Percent changes for periods other than 1 year often are expressed as annualized percentages. Annualized percent changes indicate what the change would be if the CPI continued to change at the same rate each month over a 12-month period. These are calculated using the standard formula for compound growth:

CPI formula

What Is Included In The CPI

The CPI represents all goods and services purchased for consumption by the reference population with all expenditure items divided into more than 200 categories, arranged into eight major groups. Major groups and examples of categories in each are as follows:

  1. FOOD AND BEVERAGES (breakfast cereal, milk, coffee, chicken, wine, full service meals, snacks)
  2. HOUSING (rent of primary residence, owners' equivalent rent, fuel oil, bedroom furniture)
  3. APPAREL (men's shirts and sweaters, women's dresses, jewelry)
  4. TRANSPORTATION (new vehicles, airline fares, gasoline, motor vehicle insurance)
  5. MEDICAL CARE (prescription drugs and medical supplies, physicians' services, eyeglasses and eye care, hospital services)
  6. RECREATION (televisions, toys, pets and pet products, sports equipment, admissions);
  7. EDUCATION AND COMMUNICATION (college tuition, postage, telephone services, computer software and accessories);
  8. OTHER GOODS AND SERVICES (tobacco and smoking products, haircuts and other personal services, funeral expenses).

What Does Yesterday's Release Of The CPI Tell Us

The Bureau of Labor Statistics, under the Department of Labor, released the latest Consumer Price Index numbers yesterday, using the All Urban Consumers Index which increased 0.2 percent  in August, but this was for only one month and it was not seasonally adjusted. The seasonally adjusted number increased 0.3 percent, the largest increase in 6 months, due to increases for shelter and medical care.

Some August prices increased while others decreased, which is why the CPI can be misleading. The indexes increased for motor vehicle insurance, apparel, communication, and tobacco; however, the indexes decreased for used cars and trucks, household furnishings and operations, recreation, and airline fares.

These numbers are only for the month of August, and leases should use the annual number. The all items index rose 1.1 percent for the 12 months ending August. The index for all items less food and energy rose 2.3 percent for the 12 months ending August. The food index was unchanged over the last year while the energy index declined 9.2 percent.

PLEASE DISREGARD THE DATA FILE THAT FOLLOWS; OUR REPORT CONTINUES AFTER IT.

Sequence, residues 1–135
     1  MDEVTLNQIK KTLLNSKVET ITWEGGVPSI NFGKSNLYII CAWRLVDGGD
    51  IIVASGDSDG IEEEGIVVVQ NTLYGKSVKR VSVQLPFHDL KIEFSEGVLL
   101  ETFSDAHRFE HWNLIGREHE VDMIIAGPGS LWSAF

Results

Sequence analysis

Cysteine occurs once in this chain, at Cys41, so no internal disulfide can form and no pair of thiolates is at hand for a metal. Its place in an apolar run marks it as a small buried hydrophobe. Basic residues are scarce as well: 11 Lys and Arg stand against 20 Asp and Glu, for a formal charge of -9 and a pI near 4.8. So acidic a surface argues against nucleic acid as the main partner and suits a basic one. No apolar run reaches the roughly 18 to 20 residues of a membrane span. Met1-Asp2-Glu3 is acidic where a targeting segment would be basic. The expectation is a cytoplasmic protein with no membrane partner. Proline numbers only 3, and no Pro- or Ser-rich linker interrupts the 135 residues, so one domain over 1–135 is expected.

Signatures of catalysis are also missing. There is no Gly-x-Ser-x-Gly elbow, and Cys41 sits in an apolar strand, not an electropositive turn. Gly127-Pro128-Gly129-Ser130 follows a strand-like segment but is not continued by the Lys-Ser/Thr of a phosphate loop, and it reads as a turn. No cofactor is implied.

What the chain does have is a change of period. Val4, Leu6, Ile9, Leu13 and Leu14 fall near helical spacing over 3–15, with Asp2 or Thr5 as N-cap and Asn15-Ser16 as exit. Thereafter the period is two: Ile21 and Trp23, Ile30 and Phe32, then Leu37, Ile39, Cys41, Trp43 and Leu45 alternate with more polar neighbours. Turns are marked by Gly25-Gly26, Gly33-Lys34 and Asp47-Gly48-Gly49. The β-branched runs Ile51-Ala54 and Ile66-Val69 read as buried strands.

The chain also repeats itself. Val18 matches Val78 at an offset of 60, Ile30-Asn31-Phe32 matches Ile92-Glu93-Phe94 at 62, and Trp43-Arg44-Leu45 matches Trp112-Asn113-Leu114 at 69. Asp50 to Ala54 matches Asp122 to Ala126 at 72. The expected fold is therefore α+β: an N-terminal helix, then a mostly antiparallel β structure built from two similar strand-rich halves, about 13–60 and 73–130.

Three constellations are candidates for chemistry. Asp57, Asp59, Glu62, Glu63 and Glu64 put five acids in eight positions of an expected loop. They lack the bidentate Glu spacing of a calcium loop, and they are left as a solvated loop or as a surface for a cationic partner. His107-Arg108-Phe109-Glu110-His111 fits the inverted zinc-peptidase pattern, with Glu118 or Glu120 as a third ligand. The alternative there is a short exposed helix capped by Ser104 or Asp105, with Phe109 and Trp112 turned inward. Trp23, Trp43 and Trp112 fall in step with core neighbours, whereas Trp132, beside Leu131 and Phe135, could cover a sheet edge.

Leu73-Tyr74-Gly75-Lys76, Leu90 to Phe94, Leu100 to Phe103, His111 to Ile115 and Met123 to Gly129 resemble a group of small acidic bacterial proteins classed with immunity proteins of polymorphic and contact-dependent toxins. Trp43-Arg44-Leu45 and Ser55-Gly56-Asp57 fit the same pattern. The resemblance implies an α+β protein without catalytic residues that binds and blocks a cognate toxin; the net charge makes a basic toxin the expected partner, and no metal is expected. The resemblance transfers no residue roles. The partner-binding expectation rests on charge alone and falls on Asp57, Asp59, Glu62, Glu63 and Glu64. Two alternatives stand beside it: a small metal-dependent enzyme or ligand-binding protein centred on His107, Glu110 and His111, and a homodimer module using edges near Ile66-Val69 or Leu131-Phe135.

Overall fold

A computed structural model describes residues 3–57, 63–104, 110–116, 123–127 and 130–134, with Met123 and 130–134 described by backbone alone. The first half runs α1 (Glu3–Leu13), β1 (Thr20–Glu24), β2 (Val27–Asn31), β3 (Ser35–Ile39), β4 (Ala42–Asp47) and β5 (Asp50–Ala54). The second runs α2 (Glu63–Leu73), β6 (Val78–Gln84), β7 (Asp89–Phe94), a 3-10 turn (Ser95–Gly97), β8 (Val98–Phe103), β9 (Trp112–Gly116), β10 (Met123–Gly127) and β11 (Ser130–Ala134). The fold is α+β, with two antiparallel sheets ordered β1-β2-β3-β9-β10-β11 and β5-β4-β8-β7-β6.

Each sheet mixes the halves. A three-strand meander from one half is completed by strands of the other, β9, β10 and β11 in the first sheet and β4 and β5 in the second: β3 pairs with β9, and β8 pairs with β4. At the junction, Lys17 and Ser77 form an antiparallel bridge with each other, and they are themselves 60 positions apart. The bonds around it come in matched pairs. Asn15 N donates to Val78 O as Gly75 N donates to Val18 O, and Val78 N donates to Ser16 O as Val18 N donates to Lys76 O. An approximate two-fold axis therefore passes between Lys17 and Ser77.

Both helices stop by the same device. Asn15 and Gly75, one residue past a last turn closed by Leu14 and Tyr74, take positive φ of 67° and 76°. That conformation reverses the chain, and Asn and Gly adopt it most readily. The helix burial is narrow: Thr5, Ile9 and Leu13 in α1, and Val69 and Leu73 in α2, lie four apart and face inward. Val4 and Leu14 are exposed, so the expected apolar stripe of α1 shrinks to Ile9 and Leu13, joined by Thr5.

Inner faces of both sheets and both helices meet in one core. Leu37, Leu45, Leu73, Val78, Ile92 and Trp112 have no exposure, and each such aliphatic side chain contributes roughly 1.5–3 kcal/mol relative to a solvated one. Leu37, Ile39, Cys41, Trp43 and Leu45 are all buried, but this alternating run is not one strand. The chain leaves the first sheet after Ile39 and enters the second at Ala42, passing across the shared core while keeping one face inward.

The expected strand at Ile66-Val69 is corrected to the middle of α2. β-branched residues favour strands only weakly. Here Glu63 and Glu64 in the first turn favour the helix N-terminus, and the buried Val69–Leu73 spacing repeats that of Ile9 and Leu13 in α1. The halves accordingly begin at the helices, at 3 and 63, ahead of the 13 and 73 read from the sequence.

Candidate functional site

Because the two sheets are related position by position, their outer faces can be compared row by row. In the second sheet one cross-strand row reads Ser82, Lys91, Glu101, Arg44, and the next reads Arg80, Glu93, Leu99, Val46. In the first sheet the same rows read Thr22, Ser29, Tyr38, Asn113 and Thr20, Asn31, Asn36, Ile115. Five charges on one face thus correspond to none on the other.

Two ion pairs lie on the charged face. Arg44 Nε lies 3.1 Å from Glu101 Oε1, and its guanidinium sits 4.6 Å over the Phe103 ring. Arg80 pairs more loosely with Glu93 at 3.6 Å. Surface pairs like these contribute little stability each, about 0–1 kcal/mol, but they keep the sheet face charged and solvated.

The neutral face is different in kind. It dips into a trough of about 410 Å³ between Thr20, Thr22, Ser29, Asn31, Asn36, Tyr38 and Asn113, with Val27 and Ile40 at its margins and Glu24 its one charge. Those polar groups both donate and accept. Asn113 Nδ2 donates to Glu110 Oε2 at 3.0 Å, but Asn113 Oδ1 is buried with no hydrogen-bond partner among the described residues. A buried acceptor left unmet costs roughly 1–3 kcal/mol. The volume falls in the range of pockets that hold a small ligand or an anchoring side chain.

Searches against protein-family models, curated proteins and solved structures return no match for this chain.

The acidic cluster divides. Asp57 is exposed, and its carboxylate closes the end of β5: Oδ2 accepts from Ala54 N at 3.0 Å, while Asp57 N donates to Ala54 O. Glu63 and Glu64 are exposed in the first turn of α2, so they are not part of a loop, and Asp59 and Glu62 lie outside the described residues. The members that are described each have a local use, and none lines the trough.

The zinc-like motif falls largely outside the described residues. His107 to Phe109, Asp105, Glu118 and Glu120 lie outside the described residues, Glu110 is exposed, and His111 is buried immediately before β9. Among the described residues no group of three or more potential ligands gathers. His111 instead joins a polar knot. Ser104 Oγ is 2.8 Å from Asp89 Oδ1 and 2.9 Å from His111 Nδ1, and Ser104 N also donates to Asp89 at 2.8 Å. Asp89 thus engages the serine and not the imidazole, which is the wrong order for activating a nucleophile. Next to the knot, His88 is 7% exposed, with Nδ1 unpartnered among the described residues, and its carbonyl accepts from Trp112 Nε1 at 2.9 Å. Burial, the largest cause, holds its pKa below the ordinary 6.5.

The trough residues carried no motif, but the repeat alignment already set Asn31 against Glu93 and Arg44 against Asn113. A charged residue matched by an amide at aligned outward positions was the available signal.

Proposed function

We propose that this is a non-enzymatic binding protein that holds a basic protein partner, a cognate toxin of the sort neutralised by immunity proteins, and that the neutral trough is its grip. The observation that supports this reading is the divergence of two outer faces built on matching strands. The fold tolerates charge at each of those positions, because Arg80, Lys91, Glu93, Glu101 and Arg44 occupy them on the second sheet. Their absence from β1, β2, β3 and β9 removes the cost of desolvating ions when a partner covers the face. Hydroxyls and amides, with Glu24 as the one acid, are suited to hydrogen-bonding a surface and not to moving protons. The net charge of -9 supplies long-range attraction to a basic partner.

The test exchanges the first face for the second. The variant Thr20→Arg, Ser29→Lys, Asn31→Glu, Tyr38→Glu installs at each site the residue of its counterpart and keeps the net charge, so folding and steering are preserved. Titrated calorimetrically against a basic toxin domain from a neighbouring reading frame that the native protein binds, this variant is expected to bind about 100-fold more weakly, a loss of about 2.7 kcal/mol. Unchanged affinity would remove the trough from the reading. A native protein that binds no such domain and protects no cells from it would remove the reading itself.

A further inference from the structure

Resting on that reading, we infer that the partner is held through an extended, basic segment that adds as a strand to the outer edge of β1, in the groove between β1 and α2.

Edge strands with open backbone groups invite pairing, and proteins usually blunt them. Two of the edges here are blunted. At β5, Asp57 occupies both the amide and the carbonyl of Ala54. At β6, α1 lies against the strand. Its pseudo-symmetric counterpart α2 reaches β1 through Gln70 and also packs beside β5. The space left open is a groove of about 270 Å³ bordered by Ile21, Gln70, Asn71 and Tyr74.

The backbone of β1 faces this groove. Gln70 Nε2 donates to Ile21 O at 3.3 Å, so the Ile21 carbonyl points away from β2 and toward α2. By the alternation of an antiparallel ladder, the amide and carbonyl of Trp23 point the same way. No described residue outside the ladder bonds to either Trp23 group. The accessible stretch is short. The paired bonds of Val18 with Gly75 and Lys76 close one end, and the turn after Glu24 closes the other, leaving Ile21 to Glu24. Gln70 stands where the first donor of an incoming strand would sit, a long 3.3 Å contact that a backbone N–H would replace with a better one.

CPI Table

How Much Difference Can 1 Percent Make

Inflation is not what it used to be. In the 1980's the CPI approached 20% and the greatest economist alive said it was going to 25%. It went to 2%. Our economy today is driven by a different wage/price spiral and low inflation helps borrowers and hurts landlords and savers. Building in a CPI adjustment can still make a difference in a long term lease, as shown in the table below which compares a 1 percent CPI to a 2 percent CPI adjustment over a 25 year time frame. A 1 percent incremental rate increase annually results in $378,000 additional income over the 25 year span, and assuming a 10 percent Capitalization Rate, increases the market value of the property $338,000, or 33%.

CPI Scenario


In leasing any type of property, whether you are the landlord or the tenant, make sure your lease is clear about what the rent is, and what inflation adjustments apply to the rent. Any lease document can be revised, even though some parties say they use a standard lease. There is no such thing. A lease is an agreement between two parties, and you should revise it to include language that works for you. As always, consult an expert.

Free Lease Consultation: If you have questions about a lease document, Louisiana Commercial Realty offers a free lease review, which includes an analysis of nearby rental market prices.

For more information on leases, read these articles published on our website:







The City Has A Process That Fosters Blighted Property

It's not a conspiracy, but the result is the same: New Orleans still has thousands of blighted houses. What it can be called is a dysfunctional system that created an organized effort that actually encourages blighted property, and uses your tax dollars to take away your tax dollars. The effect of thousands of blighted properties is two-fold: one, a loss of property taxes, which could be used to fund more police, fire protection and schools, and, two, a reduction in property values which takes money out of your pocket when you sell your property.

How big a problem is blighted property? It's underestimated. In my 15 years of working to put vacant property back into commerce, I estimate there are 20,000 to 40,000 blighted properties and vacant lots remaining that, if put back into commerce, would provide enough property tax income to triple the size of the police force. New Orleans could be known all over the world for almost eliminating crime.